What might be perceived as a lost season for Formula One could yet emerge as one of the sport’s finest hours. Such is the warp speed of its response to the Covid-19 pandemic that world champions Mercedes, one of seven teams working to redress the country’s ventilator shortages, have already unveiled a breathing aid to keep coronavirus patients out of intensive care. This type of feat – involving prototyping, regulatory approval and mass production – is one that would usually take years. But in extraordinary circumstances, it has been accomplished in just seven days. For Mark Gillan, the co-ordinator of “Project Pitlane”, as F1’s reaction to the emergency is known, it is an unprecedented display of solidarity.
NHS developing coronavirus contact-tracing app after successful use in Singapore
A coronavirus contact-tracing app, which alerts people if they have been near an infected person within 21 days, could be developed in the UK after the success of a similar model in Singapore. The city state has deployed an app called TraceTogether to help contain the spread of the virus by automatically recording who people have come into contact with via their smartphones. The app uses Bluetooth connections to log other phones in close proximity – so, when a user tests positive for Covid-19, the data can be used to tell those they have been in contact with to self-isolate.
Debate flares over using AI to detect Covid-19 in lung scans
A series of studies, starting as a steady drip and quickening to a deluge, has reported the same core finding amid the global spread of Covid-19: Artificial intelligence could analyze chest images to accurately detect the disease in legions of untested patients. The results promised a ready solution to the shortage of diagnostic testing in the U.S. and some other countries and triggered splashy press releases and a cascade of hopeful headlines. But in recent days, the initial burst of optimism has given way to an intensifying debate over the plausibility of building AI systems during an unprecedented public health emergency.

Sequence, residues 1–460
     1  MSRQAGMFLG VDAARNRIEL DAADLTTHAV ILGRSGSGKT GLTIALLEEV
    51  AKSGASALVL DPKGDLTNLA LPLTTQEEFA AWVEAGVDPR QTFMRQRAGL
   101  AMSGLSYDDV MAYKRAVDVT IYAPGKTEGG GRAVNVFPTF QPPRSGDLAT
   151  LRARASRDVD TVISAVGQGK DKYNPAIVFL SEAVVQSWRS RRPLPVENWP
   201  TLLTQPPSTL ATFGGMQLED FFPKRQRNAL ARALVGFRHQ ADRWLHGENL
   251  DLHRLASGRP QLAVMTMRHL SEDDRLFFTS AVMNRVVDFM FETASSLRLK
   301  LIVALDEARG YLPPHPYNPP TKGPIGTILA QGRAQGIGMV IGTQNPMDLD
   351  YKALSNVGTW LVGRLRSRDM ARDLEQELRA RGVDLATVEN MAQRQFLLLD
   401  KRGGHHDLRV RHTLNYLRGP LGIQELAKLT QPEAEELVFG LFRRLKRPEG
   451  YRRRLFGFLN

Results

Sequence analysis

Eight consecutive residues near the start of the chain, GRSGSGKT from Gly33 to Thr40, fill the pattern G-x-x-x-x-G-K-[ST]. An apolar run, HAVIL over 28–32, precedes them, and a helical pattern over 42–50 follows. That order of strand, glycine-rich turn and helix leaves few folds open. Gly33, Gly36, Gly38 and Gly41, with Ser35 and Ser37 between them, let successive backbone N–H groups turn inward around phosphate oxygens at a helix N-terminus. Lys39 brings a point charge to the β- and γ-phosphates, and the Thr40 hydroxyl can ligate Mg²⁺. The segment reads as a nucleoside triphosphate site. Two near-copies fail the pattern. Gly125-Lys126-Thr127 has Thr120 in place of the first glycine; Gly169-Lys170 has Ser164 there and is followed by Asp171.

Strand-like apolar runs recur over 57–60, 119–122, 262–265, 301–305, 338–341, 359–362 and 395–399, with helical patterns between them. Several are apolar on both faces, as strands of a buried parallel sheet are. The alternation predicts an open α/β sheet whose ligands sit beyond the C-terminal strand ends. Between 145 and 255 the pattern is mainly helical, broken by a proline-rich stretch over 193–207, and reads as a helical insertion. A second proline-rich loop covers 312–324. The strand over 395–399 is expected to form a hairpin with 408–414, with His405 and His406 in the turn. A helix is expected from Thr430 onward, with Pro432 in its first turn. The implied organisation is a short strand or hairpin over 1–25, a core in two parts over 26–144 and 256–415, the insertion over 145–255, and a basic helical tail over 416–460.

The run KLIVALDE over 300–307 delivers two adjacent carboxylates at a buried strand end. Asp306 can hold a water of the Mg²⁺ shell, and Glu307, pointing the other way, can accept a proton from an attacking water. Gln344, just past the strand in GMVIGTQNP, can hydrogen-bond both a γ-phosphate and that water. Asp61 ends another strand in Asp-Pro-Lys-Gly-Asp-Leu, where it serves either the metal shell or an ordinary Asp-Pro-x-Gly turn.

Engineers gather to produce ‘battlefield’ ventilator in war on Covid-19
A team of engineers and specialists in medical devices gathered in Galway are finalising the prototype of an emergency ventilator for use in treating critically-ill Covid-19 patients. They hope the “battlefield” ventilator will help ease a likely surge in demand for these life-saving devices in Ireland, and yet be capable of manufacture all over the world. They are being supported by a number of multinationals, including medical devices company Boston Scientific which are based in the city – and by medical experts, notably anaesthetists who deploy the technology.
New York's Central Park and harbor are now home to makeshift hospitals
New York transformed a grassy meadow in Central Park into a makeshift hospital and welcomed a Navy hospital ship as officials scrambled to bolster a medical system becoming overwhelmed by coronavirus. Central Park's East Meadow on the Upper East Side, normally a spot for picnickers and sunbathers, was converted Sunday into a 68-bed field hospital designed as a respiratory care unit. And on Monday morning, the USNS Comfort navigated past the Statue of Liberty into New York Harbor, where it will provide another 1,000 hospital beds. "This is like an additional hospital just floated right up to our shores, and now it's going to help to save lives," New York Mayor Bill de Blasio said.